Can Quarkchain handle the real world commerce transactions?

Can Quarkchain handle the real world commerce transactions and keep intact the basic principles of blockchain i.e. decentralization and security? - A technical analysis of the system architecture, starting from the basics

Blockchains like Bitcoin and Etherium are slowly getting mainstream for peer to peer transactions, but still they are in their nascent stage of becoming the go to choice for commerce. Being decentralized system due of its core principle the blockchain lags way behind conventional centralized players. Below image illustrates the current ecosystem.

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Lately, there have been lots of attention from the blockchain community to solve scalability issue and keep decentralization and security as a priority.

In a broader technical sense when we talk about scalability, there are two types of techniques that can be applied to an ecosystem i.e. Horizontal scaling and Vertical scaling. To understand these techniques lets just briefly understand in simple language:

Vertical Scaling: In this technique the resources available on servers are increased for example the available processing cores, RAM size etc.

Horizontal Scaling: In this technique, instead of increasing the resources of servers, number of servers are increased, thus the load on current ecosystem gets distributed among all the servers in the network and it increases the performance of the system exponentially.

Beside the technical potential of horizontal scaling, in the blockchain, we are not interested in vertical scaling as it gives more hash power to certain miners and thus is not healthy for the core purpose of blockchain existence.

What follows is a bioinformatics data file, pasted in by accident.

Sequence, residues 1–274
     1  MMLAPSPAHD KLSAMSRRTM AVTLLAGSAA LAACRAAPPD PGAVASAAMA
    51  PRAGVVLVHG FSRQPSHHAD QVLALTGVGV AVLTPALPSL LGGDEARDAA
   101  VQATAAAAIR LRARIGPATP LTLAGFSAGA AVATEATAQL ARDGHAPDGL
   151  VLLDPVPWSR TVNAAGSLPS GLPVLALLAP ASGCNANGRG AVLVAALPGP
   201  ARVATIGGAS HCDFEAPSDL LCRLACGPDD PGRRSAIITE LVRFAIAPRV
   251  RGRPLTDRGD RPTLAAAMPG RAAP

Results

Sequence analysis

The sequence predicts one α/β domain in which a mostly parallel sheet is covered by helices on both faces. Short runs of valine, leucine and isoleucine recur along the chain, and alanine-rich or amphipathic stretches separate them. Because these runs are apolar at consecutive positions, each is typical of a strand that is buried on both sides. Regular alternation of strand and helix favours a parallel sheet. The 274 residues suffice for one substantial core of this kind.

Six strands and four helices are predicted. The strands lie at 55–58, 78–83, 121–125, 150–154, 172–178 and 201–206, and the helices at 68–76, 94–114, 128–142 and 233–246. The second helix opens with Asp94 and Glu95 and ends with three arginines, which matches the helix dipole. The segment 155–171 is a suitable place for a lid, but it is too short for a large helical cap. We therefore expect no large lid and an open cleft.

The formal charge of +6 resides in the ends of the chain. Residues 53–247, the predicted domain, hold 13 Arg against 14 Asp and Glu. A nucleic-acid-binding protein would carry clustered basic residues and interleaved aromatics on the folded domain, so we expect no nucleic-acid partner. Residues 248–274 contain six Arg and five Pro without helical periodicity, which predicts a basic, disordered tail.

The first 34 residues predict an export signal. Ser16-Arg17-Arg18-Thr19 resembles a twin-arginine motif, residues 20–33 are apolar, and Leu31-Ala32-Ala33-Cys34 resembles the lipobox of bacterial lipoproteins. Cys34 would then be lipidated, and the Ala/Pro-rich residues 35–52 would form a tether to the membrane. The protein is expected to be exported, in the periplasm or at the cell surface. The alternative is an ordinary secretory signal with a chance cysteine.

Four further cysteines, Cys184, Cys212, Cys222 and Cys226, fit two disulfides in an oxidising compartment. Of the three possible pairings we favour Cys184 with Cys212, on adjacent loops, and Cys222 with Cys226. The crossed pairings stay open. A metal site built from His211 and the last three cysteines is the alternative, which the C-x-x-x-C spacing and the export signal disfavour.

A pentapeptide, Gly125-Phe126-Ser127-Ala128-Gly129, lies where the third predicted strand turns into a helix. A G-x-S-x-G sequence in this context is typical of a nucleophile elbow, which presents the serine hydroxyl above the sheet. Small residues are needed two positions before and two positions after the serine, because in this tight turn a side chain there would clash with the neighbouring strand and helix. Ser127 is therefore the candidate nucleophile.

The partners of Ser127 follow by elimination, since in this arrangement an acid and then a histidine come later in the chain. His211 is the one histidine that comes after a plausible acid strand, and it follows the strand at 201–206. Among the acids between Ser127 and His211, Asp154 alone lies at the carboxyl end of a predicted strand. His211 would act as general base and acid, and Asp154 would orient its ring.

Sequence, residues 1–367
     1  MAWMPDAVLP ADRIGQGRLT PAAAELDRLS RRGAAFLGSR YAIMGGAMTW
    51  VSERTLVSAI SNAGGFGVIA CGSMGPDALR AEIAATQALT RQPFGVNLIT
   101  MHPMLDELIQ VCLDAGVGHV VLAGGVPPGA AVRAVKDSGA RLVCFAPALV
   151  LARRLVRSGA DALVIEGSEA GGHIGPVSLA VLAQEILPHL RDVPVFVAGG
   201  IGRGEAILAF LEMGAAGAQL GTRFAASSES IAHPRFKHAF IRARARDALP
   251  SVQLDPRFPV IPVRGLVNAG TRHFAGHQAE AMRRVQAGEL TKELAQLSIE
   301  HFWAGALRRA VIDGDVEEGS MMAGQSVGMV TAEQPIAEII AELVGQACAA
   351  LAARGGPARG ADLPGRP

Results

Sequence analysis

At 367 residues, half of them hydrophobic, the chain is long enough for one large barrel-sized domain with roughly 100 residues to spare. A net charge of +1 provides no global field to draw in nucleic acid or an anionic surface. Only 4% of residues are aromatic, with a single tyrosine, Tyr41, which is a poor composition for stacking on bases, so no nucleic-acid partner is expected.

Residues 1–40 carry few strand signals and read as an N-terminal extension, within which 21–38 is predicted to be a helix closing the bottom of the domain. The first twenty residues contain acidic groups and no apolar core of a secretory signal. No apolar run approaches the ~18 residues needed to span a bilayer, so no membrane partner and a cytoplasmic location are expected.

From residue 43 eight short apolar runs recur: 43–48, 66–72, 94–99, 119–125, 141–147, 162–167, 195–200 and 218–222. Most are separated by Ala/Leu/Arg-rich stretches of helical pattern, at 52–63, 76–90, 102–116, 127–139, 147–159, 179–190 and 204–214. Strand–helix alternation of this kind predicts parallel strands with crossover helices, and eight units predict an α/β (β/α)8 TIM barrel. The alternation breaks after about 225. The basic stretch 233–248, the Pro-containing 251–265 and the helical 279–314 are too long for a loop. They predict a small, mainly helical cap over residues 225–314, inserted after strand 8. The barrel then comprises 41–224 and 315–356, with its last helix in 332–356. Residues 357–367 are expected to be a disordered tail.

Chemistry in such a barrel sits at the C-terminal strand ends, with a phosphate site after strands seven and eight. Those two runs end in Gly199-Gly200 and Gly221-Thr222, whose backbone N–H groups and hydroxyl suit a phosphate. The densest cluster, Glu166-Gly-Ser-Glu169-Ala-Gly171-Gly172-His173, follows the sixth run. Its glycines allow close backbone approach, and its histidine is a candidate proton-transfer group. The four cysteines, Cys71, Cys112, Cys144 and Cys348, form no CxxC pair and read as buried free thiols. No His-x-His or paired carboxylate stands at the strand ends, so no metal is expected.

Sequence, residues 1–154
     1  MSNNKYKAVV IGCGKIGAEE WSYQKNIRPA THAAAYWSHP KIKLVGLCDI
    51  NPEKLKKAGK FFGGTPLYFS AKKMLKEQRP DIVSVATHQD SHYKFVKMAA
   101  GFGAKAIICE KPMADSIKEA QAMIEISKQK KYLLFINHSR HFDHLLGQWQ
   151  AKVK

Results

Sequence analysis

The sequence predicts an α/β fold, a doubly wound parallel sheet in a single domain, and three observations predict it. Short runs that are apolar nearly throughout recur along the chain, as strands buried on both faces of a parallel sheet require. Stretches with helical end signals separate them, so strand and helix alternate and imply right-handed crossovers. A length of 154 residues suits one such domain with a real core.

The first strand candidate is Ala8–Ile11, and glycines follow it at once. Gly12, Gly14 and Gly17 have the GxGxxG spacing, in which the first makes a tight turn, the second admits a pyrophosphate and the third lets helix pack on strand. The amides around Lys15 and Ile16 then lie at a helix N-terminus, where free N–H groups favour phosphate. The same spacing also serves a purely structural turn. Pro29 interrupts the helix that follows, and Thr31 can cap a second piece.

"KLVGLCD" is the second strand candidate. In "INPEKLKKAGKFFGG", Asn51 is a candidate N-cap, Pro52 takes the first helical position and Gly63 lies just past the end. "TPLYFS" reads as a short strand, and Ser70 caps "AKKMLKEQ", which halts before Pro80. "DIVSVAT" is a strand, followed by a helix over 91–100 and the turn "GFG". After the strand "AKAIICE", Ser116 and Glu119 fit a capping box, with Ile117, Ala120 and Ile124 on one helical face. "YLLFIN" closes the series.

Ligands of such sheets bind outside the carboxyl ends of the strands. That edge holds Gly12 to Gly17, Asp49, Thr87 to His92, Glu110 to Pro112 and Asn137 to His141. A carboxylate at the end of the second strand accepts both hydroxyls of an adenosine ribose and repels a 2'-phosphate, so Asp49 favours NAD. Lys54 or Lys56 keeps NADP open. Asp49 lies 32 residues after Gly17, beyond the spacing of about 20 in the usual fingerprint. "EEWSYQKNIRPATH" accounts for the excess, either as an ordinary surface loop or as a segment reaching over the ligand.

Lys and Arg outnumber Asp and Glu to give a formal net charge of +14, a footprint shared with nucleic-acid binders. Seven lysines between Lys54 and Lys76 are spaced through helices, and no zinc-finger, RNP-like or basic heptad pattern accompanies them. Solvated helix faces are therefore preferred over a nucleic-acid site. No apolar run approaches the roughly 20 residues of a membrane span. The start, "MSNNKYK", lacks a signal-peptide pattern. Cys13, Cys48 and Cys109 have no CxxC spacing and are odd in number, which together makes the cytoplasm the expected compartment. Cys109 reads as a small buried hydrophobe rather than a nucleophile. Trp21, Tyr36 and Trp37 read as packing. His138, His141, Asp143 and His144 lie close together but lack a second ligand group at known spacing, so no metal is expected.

So are there any horizontal techniques being currently used by blockchain projects? In my current understanding, there are currently two main solutions being explored or implemented i.e.

Lightning Network: The basic principle is to keep intermediate transactions between two parties off-chain and reflect transaction on the blockchain once they have final transaction. This architecture is a good solution, but lacks the transparency factor. Currently, this is being used in Bitcoin network.

Sharding: The term sharding architecture was coined for improving the reliability and speed of database CRUD (Create, Read, Update and Delete) operations. In simple terms the database is sliced into multiple partitions and distributed across the network. Thus, non related operations can be performed in parallel. There is a lot more to it, but this is more than sufficient to understand the concept of sharding. So, if we talk in terms of blockchain you can think about distributing transactions into different shards.

There are multiple projects that are building the blockchain utilizing sharding technique e.g. Zalliqa, EOS, Etherium etc. and now we have another promising project, i.e. Quarkchain that claims to target 100000+ TPS as a first goal. Lets understand the technical aspect of this project and analyze if this is even possible?

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Quarkchain is a high capacity peer-to-peer transaction system as stated in the project's white paper:

Design principles of Quarkchain that outlines the key goals:

1- Improve scalability while keeping the security and de-centralization aspects intact
2- Enable cross shard transaction for user quality of experience(QoE)
3- Simpler account management for clients
4- Open standard to enable development of DApps.
5- Incentive driven ecosystem

Software Architecture:
Being an technocrat, most of my interest lies in this piece of information. I must admit that I was quite skeptical about potential scaling capabilities of the system claimed by Quarkchain, but it has changed after understanding the system architecture:

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The system comprises two layers of blockchain i.e.

Root Chain Layer: The main responsibility of root chain is to confirm the transactions from shards layer and mine the desired block to reach Proof of work. 50% of hash power is allocated to this layer alone.